For me, Roger provides two main lessons, both rather satisfying ones. Firstly, even after losing large parts of the brain, life goes on. The brain is modular, and we can live without many of the modules. And secondly, if our emotional circuitry is damaged, we generally feel better, rather than worse. To put it another way, perhaps, happiness is our default state, and emotions just have a habit of getting in the way.

ResearchBlogging.orgFeinstein, J., Rudrauf, D., Khalsa, S., Cassell, M., Bruss, J., Grabowski, T., & Tranel, D. (2009). Bilateral limbic system destruction in man Journal of Clinical and Experimental Neuropsychology, 1-19 DOI: 10.1080/13803390903066873

The Man With Half A Brain

A lovely new paper reports in fascinating detail on a man who lost a uniquely large portion of his brain: Bilateral limbic system destruction in man.

The authors, Feinstein et al from Iowa City, have studied the patient, "Roger", for 14 years. Roger was born in 1952, and lived a fairly uneventful life until he contracted herpes simplex encephalitis (HSE) at the age of 28.

HSE is an extremely rare condition in which the herpes virus infects the central nervous system. Untreated, it is fatal in 70% of people. Survivors suffer varying degrees of neurological damage. Roger suffered more than most - his is the worst case of herpes encephalitis damage among patients currently alive, and there are only three recorded cases of similarly extensive lesions. Roger lost almost his entire "limbic system":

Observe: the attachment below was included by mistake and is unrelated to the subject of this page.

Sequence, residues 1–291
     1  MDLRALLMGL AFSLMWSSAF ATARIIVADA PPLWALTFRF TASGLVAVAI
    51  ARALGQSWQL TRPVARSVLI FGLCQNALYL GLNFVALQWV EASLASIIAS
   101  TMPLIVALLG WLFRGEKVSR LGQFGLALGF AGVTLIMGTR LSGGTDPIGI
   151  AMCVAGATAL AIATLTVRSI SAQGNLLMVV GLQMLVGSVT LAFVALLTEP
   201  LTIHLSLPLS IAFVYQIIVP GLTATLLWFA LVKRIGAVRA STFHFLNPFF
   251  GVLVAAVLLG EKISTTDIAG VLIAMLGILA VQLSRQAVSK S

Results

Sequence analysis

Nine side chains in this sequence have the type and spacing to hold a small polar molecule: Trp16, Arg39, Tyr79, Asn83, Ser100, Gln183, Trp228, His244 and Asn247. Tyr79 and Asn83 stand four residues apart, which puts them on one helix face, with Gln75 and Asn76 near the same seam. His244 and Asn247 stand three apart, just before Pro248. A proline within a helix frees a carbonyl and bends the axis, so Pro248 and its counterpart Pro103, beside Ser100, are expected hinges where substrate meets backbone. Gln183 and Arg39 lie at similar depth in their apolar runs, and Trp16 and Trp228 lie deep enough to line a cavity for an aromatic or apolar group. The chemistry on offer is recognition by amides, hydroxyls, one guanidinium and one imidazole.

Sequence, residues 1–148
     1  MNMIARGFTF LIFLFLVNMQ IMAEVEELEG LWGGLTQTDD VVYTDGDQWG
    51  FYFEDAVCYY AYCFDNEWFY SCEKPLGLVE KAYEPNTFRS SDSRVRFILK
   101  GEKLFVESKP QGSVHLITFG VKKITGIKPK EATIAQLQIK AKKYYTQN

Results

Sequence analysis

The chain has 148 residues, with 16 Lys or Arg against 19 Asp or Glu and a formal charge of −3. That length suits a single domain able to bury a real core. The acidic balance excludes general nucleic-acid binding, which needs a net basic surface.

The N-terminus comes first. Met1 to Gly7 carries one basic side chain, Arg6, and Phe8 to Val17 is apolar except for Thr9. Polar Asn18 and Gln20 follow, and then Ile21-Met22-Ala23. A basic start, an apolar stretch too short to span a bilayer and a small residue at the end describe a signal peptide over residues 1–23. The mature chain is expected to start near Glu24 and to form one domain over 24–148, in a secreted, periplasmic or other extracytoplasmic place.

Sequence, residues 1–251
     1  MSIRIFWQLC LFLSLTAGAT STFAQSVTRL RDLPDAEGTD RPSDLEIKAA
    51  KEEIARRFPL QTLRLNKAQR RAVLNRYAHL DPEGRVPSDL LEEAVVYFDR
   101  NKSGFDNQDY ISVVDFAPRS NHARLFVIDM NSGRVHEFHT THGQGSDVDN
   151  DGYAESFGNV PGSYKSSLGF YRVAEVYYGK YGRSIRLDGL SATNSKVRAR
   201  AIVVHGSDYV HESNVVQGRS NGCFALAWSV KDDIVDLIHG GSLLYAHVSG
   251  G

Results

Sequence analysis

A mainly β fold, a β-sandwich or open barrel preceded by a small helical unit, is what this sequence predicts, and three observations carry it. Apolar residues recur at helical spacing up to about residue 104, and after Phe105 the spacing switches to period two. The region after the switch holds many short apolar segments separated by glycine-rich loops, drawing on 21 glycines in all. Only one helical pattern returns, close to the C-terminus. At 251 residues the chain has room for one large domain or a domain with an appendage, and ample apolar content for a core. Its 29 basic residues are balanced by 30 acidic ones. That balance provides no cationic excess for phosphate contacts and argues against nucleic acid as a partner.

The amount of destroyed neural tissue is extensive and includes bilateral damage to core limbic and paralimbic regions, including the hippocampus, amygdala, parahippocampal gyrus, temporal poles, orbitofrontal cortex, basal forebrain, anterior cingulate cortex, and insular cortex. The right hemisphere is more extensively affected than the left, although the lesions are largely bilateral.